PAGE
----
The Presidents of the United States of America were on top of the world in 1996 when their quirky earworm, “Lump”, earned one of the highest honors a song can achieve: a parody by “Weird Al” Yankovic.
Nearly a quarter-century later, though, the artist who cemented their arrival is still thriving.
It’s the natural order of things in the music world: Pop stars come and go, but “Weird Al” Yankovic is forever.
“Al is like Matthew McConaughey’s character in Dazed and Confused,” says Nathan Rabin, coauthor (with Yankovic) of Weird Al: The Book. “He gets older and they stay the same age.”
Since recording his eponymous first album in 1982, “Weird Al” has remained among the most consistently relevant forces in music, getting a star on the Hollywood Walk of Fame (finally!) in 2018, just as he was coming off his Ridiculously Self-Indulgent, Ill-Advised Vanity Tour, and winning the latest of his five Grammy awards in 2019. While Yankovic’s popularity level has seldom shifted over the years, though, the winds of change have been blowing through the music industry nonstop at hurricane speeds the entire time. Amazingly, the world’s premier parody and pastiche artist has managed to always keep up no matter what comes his way, making his back catalog double as a concise chronology of the past 40 years in music.
Since pop-culture chronicler Nathan Rabin obsessively wrote about every single Yankovic tune ever for his new book, The Weird Accordion to Al, he might be more familiar with that catalog than anyone else, save for Yankovic himself. Here is what he learned about the four-decade trajectory of pop music from diving off the deep end into the weird world of Al.
If “Weird Al” parodies you, you’re probably peaking
Yankovic has an incredible ability to know exactly when the iron is hot enough to strike, and it has led him to pay tribute to artists, over and over again, at what would later be known as the height of their powers.
“Any time Al has hit the Top 40, it was because he had latched onto a huge cultural phenomenon and captured the zeitgeist in a really canny, savvy way that overcame the inherent drawbacks and limitations of being a comedy musician and parodist in a pop realm that doesn’t seem to have much use for either,” Rabin says. “With ‘Eat It,’ Al got Michael Jackson, the biggest artist in the world, exactly right, to the point that Al and Michael Jackson’s legacies are inextricably intertwined forever. Obviously that’s much more of a mixed blessing now than it was in 1984, when there was no downside to being linked to the hottest, most talented megastar alive. And Al got Nirvana and grunge just as right. Al needed Nirvana just as much as pop music did, because without Kurt Cobain’s iconic genius, the artists parodied on his Off the Deep End album are a decidedly low-wattage group: pop rap bozo MC Hammer, New Kids on the Block, Gerardo, and Milli Vanilli, who were less a bona fide act than a low-level criminal enterprise, fraud with a Euro-trash beat. But Al usually only parodies a song if it’s a hit. I can literally point to the one time he didn’t, and that was when he parodied Mick Jagger’s solo nonhit ‘Ruthless People’ as ‘Toothless People.’ He learned his lesson from that.”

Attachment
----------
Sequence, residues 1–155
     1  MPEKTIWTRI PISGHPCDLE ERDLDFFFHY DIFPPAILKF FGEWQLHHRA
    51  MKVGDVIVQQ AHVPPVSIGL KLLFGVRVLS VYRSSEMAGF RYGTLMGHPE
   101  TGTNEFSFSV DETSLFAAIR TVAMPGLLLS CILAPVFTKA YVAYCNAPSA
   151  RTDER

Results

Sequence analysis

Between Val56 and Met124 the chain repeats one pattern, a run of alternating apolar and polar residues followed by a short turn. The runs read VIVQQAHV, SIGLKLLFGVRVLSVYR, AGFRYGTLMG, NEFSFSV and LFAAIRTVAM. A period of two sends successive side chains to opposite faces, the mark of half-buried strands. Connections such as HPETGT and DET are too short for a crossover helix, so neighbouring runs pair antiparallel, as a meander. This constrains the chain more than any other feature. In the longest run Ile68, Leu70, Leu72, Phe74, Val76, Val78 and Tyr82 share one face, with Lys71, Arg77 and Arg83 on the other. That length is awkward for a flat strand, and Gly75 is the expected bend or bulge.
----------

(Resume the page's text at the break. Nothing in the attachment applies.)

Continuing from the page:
It’s no coincidence that Yankovic’s rise parallels the rise of hip-hop
Some of Yankovic’s biggest hits have parodied hip-hop artists, from Coolio to Chamillionaire, but Al first tapped into the genre with 1988’s Beastie Boys pastiche, “Twister,” which arrived just as hip-hop began its journey into the mainstream.